If you’ve ever programmed a turtle – two units forward, turn right 90°, two units forward until you make it go in a square – then you’ve solved an obvious software problem.
Complicated problems have predictable solutions, but require expertise to understand. A watch is complicated. Cars are complicated. They have well-understood purposes and outcomes, but an untrained person without expertise will not be able to solve the problem.
In a complicated environment, you sense, analyse and respond. You say, “Let me have a look at this problem and I’ll tell you how to solve it, because I’m an expert at this.” Problems in this domain usually have more than one way of being solved, so there are multiple good practices.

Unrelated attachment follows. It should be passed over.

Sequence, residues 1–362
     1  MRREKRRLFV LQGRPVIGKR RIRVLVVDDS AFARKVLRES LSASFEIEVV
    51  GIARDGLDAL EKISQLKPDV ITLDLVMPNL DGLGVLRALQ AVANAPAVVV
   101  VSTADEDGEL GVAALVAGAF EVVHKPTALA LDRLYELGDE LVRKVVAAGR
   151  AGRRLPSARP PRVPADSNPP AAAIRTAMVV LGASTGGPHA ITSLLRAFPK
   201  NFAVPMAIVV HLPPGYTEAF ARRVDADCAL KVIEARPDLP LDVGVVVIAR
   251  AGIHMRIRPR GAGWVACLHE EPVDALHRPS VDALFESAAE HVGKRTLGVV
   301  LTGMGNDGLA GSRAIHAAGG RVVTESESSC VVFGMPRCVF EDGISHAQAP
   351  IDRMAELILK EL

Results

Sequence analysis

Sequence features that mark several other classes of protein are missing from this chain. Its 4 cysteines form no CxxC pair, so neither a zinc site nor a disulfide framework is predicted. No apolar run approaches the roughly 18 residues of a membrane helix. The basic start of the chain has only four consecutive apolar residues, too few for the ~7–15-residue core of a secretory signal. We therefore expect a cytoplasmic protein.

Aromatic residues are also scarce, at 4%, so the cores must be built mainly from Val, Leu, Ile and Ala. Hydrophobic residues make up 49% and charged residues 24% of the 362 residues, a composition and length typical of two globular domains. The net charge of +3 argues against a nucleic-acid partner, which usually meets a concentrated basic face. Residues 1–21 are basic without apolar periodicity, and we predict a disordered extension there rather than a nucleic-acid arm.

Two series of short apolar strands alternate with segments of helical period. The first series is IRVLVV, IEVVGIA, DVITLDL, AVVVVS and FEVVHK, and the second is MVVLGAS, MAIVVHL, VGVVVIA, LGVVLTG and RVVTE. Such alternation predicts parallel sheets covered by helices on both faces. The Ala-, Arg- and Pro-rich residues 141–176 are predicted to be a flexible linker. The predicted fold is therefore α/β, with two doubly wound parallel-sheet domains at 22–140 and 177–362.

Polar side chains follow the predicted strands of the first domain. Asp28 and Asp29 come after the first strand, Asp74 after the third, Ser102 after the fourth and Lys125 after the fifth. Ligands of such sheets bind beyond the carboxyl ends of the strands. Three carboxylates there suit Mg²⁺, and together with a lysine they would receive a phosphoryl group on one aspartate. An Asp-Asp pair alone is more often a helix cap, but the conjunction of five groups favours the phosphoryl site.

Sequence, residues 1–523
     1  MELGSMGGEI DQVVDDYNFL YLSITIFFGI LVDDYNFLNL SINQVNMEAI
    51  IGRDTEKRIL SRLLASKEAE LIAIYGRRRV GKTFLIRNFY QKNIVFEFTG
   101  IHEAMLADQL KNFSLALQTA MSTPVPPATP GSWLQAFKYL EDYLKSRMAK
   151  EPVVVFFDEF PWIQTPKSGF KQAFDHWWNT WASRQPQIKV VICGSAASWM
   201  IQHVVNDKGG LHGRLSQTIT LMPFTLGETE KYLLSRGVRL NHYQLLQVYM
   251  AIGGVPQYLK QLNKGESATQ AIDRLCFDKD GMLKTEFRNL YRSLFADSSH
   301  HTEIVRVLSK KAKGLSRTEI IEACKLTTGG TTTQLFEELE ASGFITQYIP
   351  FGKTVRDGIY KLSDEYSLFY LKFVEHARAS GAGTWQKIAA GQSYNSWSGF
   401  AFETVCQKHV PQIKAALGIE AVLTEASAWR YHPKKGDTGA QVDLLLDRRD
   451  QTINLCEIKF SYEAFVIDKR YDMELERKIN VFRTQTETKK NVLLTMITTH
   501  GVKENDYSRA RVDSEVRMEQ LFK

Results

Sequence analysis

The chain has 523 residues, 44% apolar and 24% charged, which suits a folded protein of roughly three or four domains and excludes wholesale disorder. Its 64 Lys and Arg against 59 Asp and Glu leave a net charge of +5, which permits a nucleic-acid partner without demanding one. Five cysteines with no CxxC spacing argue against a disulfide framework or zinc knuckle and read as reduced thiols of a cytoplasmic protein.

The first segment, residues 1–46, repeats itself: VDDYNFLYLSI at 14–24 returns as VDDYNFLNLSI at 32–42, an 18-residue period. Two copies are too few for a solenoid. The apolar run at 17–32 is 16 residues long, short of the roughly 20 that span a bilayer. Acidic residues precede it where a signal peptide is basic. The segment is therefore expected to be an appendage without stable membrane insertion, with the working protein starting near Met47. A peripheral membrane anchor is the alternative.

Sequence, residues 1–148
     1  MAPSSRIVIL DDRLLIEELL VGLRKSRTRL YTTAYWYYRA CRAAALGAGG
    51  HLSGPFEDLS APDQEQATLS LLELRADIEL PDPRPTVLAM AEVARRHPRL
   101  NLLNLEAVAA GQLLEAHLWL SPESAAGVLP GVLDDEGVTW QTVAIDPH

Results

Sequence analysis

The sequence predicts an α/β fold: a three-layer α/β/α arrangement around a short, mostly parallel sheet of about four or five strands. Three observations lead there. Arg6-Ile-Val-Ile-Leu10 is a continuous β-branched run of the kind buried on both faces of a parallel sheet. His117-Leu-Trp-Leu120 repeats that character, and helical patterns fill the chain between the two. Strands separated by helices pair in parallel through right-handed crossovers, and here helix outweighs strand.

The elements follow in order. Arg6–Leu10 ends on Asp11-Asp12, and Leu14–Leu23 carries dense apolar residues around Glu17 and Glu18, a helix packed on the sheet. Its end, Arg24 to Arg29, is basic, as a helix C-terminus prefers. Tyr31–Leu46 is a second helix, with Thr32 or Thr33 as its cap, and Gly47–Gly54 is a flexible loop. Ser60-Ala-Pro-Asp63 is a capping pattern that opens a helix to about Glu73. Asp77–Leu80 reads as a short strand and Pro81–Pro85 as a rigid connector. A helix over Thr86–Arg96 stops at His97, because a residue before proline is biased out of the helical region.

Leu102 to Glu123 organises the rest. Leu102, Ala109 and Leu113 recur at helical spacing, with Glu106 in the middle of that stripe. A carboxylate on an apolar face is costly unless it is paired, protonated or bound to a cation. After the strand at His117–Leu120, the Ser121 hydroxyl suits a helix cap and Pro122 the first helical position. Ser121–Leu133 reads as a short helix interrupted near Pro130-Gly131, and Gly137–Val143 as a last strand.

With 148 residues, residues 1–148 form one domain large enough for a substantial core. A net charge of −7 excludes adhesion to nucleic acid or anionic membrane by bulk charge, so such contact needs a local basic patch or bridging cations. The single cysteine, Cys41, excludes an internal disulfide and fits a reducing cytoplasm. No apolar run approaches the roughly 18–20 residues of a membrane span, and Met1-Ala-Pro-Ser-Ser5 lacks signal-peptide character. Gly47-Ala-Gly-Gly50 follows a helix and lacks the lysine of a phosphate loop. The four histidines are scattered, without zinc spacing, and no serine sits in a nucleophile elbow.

A lot of our software is complicated. For instance, a CRUD form is well-understood by expert development teams. These problems are the least interesting for me (my preferred domain is Complex). In fact, it’s so uninteresting for most developers that they’ll create tools to do the job for them (like Rails), turning repetitive complicated problems into a smaller complex one.
My favourite way to understand complexity is that acting in the space causes the space to change, and cause and effect can only be understood in retrospect.
In a complex environment, you probe, sense and respond. You do something that can fail, safely, and it tells you things about the environment which you respond to, changing the environment. This is the land of high-feedback, risk and innovation.